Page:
New York in the last four decades has provided some of the most iconic moments in film history. Beginning with Breakfast at Tiffany's and Sixties cinema verite, James Sanders will survey the body of work produced here, exploring in particular the emergence here of a street-style school of film-making that includes directors as diverse as Martin Scorsese and Spike Lee. He will also sign copies of his new book, Scenes from the City: Filmmaking in NY 1966-2006. James Sanders, an architect, co‑wrote the Emmy Award-winning PBS series New York: A Documentary Film and its companion volume, New York: An Illustrated History as well as Celluloid Skyline: New York and the Movies. Sanders will be introduced by Commissioner Katherine Oliver of the New York City Mayor’s Office of Film, Theatre and Broadcasting.
Uncovering A Hidden History: The Spanish-Speaking Literary Tradition in Nueva York
November 30, 2006
A diverse array of Spanish-speaking novelists and poets have lived in or visited New York, and written about the city, but only a very few of them are widely known. Some of today’s leading Spanish-speaking novelists and poets, who are now living in and writing about New York, will pay homage to their forerunners — Julia de Burgos, Octavio Paz, and Carlos Pellicer among others — by recalling their experiences here and reading brief excerpts from their works. By way of contrast, they will also read some passages from their own contemporary takes on the city. This evening will be in Spanish and in English. Authors include Carmen Boullosa, Mexican novelist, poet, and playwright; Eduardo Lago, Spanish novelist and Director of the Instituto Cervantes of New York; Eduardo Mitre, Bolivian poet and Associate Professor, Department of Languages and Literature, St John's University; Jose Manuel Prieto, Cuban novelist and Director of the Joseph A. Unanue Latino Institute at Seton Hall University; and Sylvia Molloy, Argentinian writer, novelist, and literary critic, and Professor of the Humanities, NYU. The panel will be moderated by Naief Yehya, the Mexican novelist, journalist and essayist.
Life on the Lower East Side: The Photographs of Rebecca Lepkoff, 1937-1950
November 14, 2006
Suzanne Wasserman and Peter Dans talk about their new book, Life on the Lower East Side: The Photographs of Rebecca Lepkoff, 1937-1950 (Princeton Architectural Press). In 1945, Lepkoff joined the Photo League, created in 1936 in New York City. The League believed that photographers should record the communities in which they lived. Open to amateurs and professionals alike, league members included Helen Levitt, Rudy Burckhardt, Walter Rosenblum, Morris Engel, Arthur Leipzig, and Aaron Siskind. 2006 marks the 70th anniversary of the League.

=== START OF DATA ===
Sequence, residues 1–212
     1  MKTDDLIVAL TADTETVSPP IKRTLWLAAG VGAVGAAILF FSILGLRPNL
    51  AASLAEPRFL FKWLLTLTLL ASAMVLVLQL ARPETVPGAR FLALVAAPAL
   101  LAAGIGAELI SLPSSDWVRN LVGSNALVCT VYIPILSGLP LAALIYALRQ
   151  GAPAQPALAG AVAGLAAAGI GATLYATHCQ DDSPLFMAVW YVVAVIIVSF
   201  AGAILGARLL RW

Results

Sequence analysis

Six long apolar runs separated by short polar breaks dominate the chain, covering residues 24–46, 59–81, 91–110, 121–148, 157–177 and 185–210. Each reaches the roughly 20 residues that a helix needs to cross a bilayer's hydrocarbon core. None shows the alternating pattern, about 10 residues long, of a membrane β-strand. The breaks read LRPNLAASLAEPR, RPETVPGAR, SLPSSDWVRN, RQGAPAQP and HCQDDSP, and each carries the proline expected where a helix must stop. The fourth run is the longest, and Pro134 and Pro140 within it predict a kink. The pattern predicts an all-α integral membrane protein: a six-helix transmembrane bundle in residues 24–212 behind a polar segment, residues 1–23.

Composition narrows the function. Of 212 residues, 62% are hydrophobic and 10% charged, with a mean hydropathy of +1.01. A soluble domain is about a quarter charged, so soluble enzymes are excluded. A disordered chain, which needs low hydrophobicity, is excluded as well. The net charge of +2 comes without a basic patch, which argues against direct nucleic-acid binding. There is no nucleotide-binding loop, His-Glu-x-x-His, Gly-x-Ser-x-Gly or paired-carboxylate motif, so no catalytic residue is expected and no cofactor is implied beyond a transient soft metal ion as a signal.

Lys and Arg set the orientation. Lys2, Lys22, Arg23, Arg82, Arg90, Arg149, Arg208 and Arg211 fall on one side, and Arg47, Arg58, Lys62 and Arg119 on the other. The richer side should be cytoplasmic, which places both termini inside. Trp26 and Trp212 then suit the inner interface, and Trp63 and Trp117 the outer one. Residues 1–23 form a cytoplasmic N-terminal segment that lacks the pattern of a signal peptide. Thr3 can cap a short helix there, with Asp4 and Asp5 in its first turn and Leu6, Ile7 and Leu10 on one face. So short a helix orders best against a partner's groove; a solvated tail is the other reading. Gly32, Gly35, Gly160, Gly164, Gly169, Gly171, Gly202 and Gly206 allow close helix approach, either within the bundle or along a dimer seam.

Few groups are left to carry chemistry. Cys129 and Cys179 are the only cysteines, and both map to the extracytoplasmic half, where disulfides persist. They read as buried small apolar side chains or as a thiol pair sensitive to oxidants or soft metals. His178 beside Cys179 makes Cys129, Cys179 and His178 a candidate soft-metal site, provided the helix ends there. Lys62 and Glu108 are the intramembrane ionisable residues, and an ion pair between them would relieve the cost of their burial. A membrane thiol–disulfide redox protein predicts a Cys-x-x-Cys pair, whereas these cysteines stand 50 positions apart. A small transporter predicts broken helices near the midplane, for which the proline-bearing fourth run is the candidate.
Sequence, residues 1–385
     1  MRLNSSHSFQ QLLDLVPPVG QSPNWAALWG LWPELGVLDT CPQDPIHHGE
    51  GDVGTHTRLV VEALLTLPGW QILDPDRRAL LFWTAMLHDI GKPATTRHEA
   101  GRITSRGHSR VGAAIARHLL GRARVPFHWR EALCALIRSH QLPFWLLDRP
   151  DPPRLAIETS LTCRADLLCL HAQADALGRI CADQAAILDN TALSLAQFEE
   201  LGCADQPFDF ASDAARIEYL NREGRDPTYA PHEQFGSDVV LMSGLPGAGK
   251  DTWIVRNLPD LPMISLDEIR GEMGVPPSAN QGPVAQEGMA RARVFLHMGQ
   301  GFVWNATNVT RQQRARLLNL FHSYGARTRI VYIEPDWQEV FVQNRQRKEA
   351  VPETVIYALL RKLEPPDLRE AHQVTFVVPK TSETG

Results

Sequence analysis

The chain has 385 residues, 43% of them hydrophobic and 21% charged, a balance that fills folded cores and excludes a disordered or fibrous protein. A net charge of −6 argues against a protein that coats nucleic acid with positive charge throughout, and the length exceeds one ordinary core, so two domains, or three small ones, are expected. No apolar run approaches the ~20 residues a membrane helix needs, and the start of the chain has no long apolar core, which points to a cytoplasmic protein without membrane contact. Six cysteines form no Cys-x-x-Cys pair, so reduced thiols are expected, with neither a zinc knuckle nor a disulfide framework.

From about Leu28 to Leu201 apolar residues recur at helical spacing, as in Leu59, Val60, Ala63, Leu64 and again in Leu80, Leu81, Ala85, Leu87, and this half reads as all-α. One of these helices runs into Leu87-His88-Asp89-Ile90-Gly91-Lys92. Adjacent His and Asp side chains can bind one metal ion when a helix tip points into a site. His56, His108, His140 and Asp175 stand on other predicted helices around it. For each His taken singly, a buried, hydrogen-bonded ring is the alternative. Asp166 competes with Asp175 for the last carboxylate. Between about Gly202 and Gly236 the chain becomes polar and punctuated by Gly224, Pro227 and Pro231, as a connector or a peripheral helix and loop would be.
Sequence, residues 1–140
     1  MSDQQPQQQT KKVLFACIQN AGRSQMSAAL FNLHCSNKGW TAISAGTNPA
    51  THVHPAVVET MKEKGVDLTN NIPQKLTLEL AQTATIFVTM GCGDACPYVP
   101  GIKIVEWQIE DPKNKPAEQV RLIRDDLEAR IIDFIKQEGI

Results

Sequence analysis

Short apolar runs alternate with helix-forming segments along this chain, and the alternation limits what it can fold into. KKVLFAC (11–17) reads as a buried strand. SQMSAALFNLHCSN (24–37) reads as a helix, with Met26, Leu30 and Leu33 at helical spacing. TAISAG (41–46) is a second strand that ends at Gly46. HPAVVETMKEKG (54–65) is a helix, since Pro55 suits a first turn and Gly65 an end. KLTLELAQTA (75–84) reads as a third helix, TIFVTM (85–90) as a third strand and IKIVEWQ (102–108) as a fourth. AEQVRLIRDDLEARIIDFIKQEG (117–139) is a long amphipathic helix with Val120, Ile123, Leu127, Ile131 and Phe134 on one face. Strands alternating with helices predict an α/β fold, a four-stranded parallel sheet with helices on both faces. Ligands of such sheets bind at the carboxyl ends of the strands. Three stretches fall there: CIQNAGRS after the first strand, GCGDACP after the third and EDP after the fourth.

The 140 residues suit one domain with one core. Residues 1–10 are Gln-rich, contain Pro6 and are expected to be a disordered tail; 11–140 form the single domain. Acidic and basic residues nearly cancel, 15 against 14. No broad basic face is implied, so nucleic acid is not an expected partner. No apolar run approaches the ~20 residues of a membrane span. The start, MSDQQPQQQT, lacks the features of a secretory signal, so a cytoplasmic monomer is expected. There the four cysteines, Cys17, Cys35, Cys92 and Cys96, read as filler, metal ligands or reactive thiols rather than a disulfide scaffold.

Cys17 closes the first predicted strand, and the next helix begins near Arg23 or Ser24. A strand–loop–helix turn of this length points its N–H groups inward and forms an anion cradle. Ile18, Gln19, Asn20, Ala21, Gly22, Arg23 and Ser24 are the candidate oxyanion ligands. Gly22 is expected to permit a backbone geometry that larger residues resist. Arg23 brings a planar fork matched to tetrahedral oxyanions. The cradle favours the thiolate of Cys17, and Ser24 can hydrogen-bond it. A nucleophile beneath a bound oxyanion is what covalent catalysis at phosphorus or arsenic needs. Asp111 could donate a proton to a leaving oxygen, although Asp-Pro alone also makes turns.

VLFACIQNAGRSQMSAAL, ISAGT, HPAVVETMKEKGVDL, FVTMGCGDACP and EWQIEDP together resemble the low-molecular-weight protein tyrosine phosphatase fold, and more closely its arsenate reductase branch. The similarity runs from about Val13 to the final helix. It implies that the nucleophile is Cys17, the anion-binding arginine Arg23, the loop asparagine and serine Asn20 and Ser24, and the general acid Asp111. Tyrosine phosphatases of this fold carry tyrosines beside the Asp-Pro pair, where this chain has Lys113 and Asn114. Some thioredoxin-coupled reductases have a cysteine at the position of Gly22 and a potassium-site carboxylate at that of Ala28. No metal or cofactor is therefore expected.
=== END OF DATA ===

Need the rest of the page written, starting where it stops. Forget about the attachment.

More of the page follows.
Gotham's Newest Newcomers: The Impact of Post-1965 Immigrants on NYC – And Vice Versa
October 25, 2006
We are in the middle of one of Gotham's greatest immigration waves, triggered by the 1965 immigration law. Tonight's panelists analyze how the newcomers have experienced, and transformed, the city. Experts with a general and comparative focus — Nancy Foner (Hunter), John Mollenkopf (The Graduate Center), and Joseph Salvo (New York City Department of Planning) — will provide overview perspectives. Specialists on particular immigrant populations — Vilna Bashi on West Indians, Ramona Hernandez on Domincans, Madhulika Khandelwal on South Asians, Peter Kwong on Chinese, and Robert Smith on Mexicans — will discuss their group's unique experience. Finally, an interactive conversation between all the participants will be moderated by Maria Hinojosa, Anchor, Latino USA on NPR and Senior Correspondent, NOW on PBS.
Jane Jacobs vs. Robert Moses: How Stands the Debate Today?
October 11, 2006
Jane Jacobs’s death in 2006 triggered many questions about her legacy in New York — perhaps most importantly, whose urban vision dominates today — hers, or that of her arch opponent, Robert Moses? Our panel of historians, architects, planners, politicians, community activists, and developers will explore this question: Hilary Ballon (Columbia); Amanda Burden, Chair of the NYC Planning Commission and Director of City Planning; Richard Kahan, President and Founder of the Urban Assembly, and former President, New York State Urban Development Corporation; Brad Lander, Director of PICCED, and Visiting Assistant at Pratt Institute; Nicolai Ouroussoff, architectural critic at the New York Times; Michael Sorkin, director of the Graduate Urban Design Program at City College; and Samuel Zipp (UCal-Irvine).